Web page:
SANFORD (AP) — A judge said Friday he needed to look at evidence before deciding whether to grant George Zimmerman bond following a sort of mini-trial that featured the defense trying to poke holes in the prosecution's case by calling the neighborhood watch leader's father to testify and playing a chilling 911 call from the night Trayvon Martin was fatally shot.
Circuit Judge Kenneth Lester did not indicate when he might make a decision. He revoked Zimmerman's bond in June after prosecutors told the judge Zimmerman and his wife misled the court about how much money they had during an April bond hearing.
Prosecutors said a website Zimmerman created for his legal defense had raised $135,000 at the time of his first bond hearing and Zimmerman and his wife did not mention the money then.
Zimmerman's attorney briefly considered calling his client to the stand but ultimately decided against it.
Much of the bond hearing focused on the donations raised through a PayPal account and how it was repeatedly transferred between bank accounts Zimmerman and his wife controlled.
“It was done to hide the money so they could deceive the court, lie to the court. Mrs. Zimmerman lied to the court and this defendant just sat there and let it happen,” prosecutor Bernie de la Rionda said.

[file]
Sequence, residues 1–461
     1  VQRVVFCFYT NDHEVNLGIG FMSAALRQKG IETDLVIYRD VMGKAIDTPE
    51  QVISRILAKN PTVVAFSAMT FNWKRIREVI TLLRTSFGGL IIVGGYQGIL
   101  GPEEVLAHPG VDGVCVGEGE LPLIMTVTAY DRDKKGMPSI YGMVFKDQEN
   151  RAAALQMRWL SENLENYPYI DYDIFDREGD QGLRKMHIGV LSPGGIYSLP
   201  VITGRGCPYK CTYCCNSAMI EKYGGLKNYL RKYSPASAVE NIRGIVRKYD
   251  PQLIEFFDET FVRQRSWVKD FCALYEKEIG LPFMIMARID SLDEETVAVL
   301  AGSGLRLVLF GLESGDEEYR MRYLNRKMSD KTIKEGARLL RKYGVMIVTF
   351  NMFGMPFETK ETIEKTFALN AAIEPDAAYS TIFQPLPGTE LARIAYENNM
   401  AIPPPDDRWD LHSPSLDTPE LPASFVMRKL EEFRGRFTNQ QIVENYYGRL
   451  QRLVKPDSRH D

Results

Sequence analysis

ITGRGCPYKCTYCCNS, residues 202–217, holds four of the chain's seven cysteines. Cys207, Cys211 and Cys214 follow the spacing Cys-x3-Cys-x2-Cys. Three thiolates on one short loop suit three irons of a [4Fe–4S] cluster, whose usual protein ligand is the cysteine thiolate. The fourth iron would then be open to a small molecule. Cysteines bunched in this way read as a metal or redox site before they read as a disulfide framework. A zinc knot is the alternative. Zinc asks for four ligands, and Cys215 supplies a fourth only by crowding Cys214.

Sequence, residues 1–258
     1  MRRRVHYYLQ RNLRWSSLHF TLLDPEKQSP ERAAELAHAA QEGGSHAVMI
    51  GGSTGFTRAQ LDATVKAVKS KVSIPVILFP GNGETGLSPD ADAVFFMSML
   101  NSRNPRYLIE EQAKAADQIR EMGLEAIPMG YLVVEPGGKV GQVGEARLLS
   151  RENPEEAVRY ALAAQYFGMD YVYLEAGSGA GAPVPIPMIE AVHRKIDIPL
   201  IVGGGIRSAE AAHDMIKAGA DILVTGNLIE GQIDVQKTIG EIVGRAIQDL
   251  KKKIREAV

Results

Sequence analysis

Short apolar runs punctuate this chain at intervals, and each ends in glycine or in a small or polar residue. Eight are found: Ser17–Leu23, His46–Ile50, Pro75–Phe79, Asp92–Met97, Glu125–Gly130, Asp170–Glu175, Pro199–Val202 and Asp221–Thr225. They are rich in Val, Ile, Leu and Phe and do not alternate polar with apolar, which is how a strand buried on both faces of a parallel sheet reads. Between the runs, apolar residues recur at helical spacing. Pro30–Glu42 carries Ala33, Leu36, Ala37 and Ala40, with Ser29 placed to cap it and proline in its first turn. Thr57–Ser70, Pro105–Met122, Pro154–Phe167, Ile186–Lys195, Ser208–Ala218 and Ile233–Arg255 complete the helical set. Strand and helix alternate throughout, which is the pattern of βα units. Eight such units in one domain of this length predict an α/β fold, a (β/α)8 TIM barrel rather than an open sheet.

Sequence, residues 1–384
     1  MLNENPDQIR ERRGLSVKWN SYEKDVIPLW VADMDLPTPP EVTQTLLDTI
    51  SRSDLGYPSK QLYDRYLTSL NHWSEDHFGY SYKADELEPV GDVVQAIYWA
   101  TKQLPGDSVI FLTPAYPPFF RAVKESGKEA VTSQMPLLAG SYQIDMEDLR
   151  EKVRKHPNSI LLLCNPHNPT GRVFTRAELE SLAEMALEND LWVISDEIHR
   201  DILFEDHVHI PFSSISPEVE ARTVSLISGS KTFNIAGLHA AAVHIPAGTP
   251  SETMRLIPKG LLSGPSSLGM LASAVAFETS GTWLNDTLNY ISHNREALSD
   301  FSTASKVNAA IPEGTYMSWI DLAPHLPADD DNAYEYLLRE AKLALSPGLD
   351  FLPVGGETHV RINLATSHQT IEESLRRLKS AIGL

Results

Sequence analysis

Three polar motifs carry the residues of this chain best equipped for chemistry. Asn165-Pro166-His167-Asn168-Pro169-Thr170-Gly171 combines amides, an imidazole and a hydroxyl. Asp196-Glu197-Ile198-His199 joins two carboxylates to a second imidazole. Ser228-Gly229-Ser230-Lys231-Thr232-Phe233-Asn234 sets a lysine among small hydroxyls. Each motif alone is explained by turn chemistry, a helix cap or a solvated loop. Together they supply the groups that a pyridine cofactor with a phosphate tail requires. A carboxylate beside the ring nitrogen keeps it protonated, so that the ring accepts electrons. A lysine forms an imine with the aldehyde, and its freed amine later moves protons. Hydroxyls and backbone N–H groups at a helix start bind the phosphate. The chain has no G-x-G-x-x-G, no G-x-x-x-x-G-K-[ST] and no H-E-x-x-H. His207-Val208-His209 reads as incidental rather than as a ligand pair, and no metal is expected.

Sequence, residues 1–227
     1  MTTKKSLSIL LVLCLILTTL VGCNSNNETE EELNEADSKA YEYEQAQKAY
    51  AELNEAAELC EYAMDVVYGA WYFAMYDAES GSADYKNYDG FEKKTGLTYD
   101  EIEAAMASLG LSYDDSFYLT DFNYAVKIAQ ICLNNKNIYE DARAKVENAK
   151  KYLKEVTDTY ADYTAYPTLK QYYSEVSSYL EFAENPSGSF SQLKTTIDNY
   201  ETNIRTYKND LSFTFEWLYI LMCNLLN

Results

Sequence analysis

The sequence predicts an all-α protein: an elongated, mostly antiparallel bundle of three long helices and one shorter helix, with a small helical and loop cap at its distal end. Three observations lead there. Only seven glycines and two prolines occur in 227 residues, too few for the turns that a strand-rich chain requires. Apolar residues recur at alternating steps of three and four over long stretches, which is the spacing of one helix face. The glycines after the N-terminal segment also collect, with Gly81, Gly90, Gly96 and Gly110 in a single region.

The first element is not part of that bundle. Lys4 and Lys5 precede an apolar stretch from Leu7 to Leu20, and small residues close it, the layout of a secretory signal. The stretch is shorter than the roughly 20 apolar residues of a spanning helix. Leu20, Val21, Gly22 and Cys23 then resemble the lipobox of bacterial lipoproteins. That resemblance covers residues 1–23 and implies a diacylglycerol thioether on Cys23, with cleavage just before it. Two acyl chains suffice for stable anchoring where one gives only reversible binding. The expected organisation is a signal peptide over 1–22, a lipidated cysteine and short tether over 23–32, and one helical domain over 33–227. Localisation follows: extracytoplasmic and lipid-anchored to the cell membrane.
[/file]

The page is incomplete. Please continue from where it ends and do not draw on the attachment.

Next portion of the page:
Zimmerman's attorney attempted to show there was no effort to hide the money from the judge.
“It is not the grand conspiracy the state seems to suggest,” attorney Mark O'Mara said.
There was also a great deal of evidence and testimony about the head injuries Zimmerman suffered the night of the fight with Trayvon, including a broken nose and cuts on his skull. Zimmerman was also described by a probation officer as a “model client” who had not violated any of his previous bond conditions.
Zimmerman has been charged with second-degree murder for fatally shooting 17-year-old Trayvon, a Miami Gardens on a visit to Sanford, on Feb. 26 at a gated apartment community in Sanford. Zimmerman has pleaded not guilty and claims the shooting was self-defense under the state's “stand your ground” law.
Trayvon's parents and supporters claim the teenager was targeted because he was black and Zimmerman started the confrontation that led to the shooting. Zimmerman's father is white and his mother is Hispanic.
Photo: George Zimmerman